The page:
The Edinburgh Festival Fringe is under “existential threat” due to the rising costs of companies and venues, according to the event’s leading organiser.
Shona McCarthy, the chief executive of the Edinburgh Festival Fringe Society said the event has been “creaking at the seams for years”.
She suggested the festivals, which run in the city every summer, could achieve multimillion-pound investments if they were “put out to tender” like large-scale sporting events including the UK Olympics and the Commonwealth Games.
Ms McCarthy claimed lack of support has left the Fringe “cracking at the seams” prior to the Covid pandemic and has only been made worse.
Speaking on Barry Fearn’s Leading Conversations podcast, she said: “Pre-Covid, the whole ecosystem was already creaking at the seams. Then Covid hit and our entire income went in one fell swoop.
“The Fringe came back last year, but with every single participant and organisation carrying a debt or deficit after surviving the previous couple of years.
“We’ve come into 2023 with a massive cost-of-living hike, serious political issues and the war in Ukraine.”
She also warned about “complacency” in the assumption the festivals can continue to return year on year.
She said: “It’s not an exaggeration to say that this festival is under existential threat.
“My big fear for Scotland is that because we’ve evolved over 75 years, it’s really easy to just assume that we’ll be back next year. There’s definitely a level of complacency about it.”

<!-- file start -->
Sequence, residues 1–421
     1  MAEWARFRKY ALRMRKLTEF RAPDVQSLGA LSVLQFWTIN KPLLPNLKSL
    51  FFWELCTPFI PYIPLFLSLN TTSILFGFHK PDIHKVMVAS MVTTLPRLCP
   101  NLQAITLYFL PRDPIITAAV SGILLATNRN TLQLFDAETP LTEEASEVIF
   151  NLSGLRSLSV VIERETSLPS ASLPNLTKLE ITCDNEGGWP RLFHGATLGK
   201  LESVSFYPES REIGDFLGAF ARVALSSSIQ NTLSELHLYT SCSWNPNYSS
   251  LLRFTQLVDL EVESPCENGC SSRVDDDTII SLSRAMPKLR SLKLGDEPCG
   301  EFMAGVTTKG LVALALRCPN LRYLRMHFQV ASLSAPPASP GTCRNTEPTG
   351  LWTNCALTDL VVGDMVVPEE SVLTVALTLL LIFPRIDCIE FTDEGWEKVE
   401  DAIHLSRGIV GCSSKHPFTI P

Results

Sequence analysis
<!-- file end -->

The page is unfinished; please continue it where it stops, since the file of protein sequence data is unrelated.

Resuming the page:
It comes after the Society’s board admitted last month that the festival’s long-running “self-sustaining model” was no longer viable for artists and venues.
The UK Government pledged support of £7m which expected to provide “essential support”.
Ms McCarthy also told the podcast there are many misconceptions in the way in which the Fringe is currently organised, saying, “everything has a cost”.
She added: “If you were trying to put on the collective of our festivals and put it out to a competition or tender like you do with the UK City of Culture, the World Cup, Eurovision or whatever, every city would want to host it, but it would come with a £100 million investment package.
“We’re second in size to the Olympics in terms of ticket sales. Yet every year we’re going, ‘in our medieval little Royal Mile building, with our 20-30 people, how do we pull off this thing?’ I think we’ve got a real challenge on our hands.”
The Fringe runs from August 4-28 in venues across Edinburgh.